The plaintiff contends that this court should not consider the defendant's affidavit because it was filed subsequent to the entry of the summary judgment. The decision of Gliwa v. Washington Polish Loan & Building Ass'n, 310 Ill. App. 465, 34 N.E.2d 736, is cited for the principle that where a party fails to raise matters on a first hearing he cannot later come in on a motion to vacate and raise matters he should have, and could have, raised at the first hearing. The case does not so hold. The rule stated in Gliwa rather is that the allowance of such a motion ordinarily rests in the discretion of the trial court. In that case it was determined that the original affidavits filed were patently evasive and the court did not feel that subsequent affidavits under such circumstances were justified. In our situation the court allowed the defendant to file his affidavit and presumably weighed it in conjunction with the pleadings and the affidavit of the plaintiff's vice-president. Assuming the affidavit consists of facts admissible in evidence there is no reason why we should not do likewise.
The affidavit of the defendant stated that he inquired of Leahy what amount he would have to pay in addition to his 1961 Ford to buy the 1963 Chevrolet and that Leahy, after making three tabulations, told him it would come to $1,009, but volunteered that he would forget the $9 and make it an even $1,000. The defendant then asked him if there would be extra charges for accessories and Leahy, after making another tabulation, said $1,000 would be the total cost including the sales tax. Leahy repeated that figure later in the evening when the defendant, after talking with his wife, returned to the sales room. The defendant thereupon said he would accept the deal and pay a $100 deposit, and would turn over his own car and pay $900 when the Chevrolet was delivered; that Leahy agreed and thereafter prepared the car order reflecting these terms which the defendant signed. The defendant stated that he and Leahy did not discuss the price of the Chevrolet but confined their conversation to what he would have to pay in cash in addition to his trade-in to obtain the car of his choice. He said he did not check Leahy's figures and had no reason to know or suspect that a mistake was being made.
[3-5] A motion for summary judgment should be denied if upon examination of the record it can be fairly said that a triable issue of fact exists. Goodwin v. Bowers, 24 Ill. App.2d 158, 164 N.E.2d 278; Ray v. The City of Chicago, 19 Ill.2d 593, 169 N.E.2d 73. A further rule is that an affidavit in support of a motion for summary judgment will be strictly construed and that it should leave no question as to the movant's right to judgment, whereas the opposing party's affidavit deserves a liberal construction. Kern v. Chicago & E.I.R. Co., 44 Ill. App.2d 468, 195 N.E.2d 197. Viewed in this light the two affidavits filed herein disclose material contradictions as to the true intent of the parties at the time of the preparation of the car order. These affidavits by themselves would no doubt pose a triable issue of fact.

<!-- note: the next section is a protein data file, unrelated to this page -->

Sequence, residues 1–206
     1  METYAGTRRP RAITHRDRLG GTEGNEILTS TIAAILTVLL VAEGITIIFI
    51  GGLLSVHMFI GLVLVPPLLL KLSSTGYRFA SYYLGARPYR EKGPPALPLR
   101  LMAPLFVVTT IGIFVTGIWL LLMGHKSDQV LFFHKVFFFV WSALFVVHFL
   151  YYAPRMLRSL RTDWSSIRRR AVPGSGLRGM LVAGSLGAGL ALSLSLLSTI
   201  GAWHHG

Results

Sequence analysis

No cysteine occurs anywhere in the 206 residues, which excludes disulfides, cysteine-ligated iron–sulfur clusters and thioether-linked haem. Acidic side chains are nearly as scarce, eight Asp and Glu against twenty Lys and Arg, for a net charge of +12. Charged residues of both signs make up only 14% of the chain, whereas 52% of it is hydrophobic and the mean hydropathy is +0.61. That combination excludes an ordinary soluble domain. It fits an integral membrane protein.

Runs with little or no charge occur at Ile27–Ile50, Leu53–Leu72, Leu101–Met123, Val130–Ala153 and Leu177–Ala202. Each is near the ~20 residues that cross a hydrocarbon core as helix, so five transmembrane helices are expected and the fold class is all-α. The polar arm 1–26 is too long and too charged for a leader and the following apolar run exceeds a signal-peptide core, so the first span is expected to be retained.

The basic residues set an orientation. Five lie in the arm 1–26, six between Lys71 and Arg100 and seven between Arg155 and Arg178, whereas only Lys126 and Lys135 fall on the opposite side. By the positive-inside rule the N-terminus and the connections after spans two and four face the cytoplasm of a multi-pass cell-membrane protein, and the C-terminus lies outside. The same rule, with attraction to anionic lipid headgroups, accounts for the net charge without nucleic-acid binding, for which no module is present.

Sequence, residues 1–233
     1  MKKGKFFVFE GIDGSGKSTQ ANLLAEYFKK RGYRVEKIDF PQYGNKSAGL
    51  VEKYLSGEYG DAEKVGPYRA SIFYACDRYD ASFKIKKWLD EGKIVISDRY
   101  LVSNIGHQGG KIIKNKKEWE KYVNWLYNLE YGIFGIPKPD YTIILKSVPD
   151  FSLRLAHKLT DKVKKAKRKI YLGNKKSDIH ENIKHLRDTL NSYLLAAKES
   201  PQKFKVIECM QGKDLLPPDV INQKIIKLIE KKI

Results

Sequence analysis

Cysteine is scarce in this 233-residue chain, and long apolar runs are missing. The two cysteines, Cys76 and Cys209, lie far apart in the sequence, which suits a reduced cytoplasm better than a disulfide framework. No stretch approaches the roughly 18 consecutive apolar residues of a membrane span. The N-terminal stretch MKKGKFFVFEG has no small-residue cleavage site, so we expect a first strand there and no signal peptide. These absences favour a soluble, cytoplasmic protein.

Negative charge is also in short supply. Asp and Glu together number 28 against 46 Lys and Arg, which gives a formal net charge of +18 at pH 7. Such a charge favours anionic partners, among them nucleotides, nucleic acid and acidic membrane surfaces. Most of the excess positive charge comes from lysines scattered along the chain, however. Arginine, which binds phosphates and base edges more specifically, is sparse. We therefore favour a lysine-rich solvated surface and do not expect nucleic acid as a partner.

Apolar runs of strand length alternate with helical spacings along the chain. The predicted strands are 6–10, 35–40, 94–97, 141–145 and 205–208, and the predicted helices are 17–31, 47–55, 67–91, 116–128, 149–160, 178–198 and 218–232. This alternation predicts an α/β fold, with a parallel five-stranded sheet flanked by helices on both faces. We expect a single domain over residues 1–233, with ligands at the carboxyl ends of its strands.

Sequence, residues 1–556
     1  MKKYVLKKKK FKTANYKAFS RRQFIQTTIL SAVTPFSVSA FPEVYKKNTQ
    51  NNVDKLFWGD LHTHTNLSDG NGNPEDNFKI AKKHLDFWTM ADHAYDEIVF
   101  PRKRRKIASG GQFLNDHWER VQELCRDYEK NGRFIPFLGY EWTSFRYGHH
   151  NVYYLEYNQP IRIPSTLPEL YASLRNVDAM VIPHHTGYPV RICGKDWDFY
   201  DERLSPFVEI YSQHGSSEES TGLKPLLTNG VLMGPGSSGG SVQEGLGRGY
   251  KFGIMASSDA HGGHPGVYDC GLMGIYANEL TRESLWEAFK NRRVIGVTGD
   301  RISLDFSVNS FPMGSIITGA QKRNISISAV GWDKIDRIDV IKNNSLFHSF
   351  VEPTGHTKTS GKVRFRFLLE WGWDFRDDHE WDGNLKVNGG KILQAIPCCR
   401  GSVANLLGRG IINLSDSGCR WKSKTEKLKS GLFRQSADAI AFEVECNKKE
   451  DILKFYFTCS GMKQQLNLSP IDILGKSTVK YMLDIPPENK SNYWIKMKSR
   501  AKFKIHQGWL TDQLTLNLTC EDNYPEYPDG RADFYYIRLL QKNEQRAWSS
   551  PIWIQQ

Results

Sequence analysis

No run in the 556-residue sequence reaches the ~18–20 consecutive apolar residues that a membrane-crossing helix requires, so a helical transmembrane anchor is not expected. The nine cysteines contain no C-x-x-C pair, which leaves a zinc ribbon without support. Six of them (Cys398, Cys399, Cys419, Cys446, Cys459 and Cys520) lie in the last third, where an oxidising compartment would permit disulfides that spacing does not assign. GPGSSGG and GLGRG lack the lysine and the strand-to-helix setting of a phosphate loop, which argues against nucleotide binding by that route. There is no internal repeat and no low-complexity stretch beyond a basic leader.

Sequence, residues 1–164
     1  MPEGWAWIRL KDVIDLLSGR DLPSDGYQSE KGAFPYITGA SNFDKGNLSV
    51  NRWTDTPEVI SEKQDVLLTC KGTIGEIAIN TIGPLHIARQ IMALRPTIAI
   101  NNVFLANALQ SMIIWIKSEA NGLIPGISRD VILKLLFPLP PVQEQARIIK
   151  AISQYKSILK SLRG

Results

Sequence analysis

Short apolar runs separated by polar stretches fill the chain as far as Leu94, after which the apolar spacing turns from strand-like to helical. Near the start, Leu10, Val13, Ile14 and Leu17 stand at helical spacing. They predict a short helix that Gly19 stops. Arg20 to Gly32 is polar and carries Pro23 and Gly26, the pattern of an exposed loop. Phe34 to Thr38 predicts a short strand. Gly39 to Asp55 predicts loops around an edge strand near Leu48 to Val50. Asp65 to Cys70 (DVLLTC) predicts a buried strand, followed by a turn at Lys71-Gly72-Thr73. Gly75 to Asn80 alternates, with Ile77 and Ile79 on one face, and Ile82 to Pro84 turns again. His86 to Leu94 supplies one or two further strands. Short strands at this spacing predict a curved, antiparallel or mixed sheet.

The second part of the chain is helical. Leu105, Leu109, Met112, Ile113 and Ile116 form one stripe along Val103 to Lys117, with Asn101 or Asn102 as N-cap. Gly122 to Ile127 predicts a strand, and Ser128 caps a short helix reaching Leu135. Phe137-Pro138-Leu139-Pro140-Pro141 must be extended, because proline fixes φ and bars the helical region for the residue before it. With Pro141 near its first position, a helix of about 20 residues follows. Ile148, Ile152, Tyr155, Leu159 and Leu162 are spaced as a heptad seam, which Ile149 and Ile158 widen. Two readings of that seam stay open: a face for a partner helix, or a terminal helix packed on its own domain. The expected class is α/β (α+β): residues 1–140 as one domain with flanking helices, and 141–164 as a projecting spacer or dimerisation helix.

[6-8] But the plaintiff argues that the car order is clear on its face and that the defendant's affidavit contains allegations of fact which would not be admissible in evidence because they attempt to vary the terms of an express contract. We do not find this instrument to be of such complete and definitive clarity as to invoke an absolute prohibition of extrinsic evidence. Unique Watch Crystal Co., Inc. v. Kotler, 344 Ill. App. 54, 99 N.E.2d 728. The fact that the listed price of the vehicle less the trade-in value and deposit would result in the amount claimed by the plaintiff does not in itself make the agreement certain and unambiguous. The contract itself calls for $900 as the balance due and the Illinois sales tax of $38.84 was computed on a cash payment of $900 (minus, perhaps, the "undercoating" charge of $29.95). Another ambiguity is that the sum of $900 is written in the "Credits" column. The plaintiff drew the contract and its inconsistencies should not be construed in the plaintiff's favor. A contract complete and unambiguous on its face cannot be modified or changed by parol evidence, but a contract which is ambiguous and which is subject to more that one interpretation may be explained by extrinsic evidence in order to arrive at the intention of the parties. We are of the opinion that the agreement contains enough ambiguities to require extrinsic or parol evidence to aid in its interpretation. Hammer v. Sanders, 8 Ill.2d 414, 134 N.E.2d 509.
The pleadings of the parties, their affidavits and the ambiguities of their contract show a genuine dispute on a material issue. The disagreement as to the intention of the parties and the conflicting interpretations of their contract should have been resolved by a ...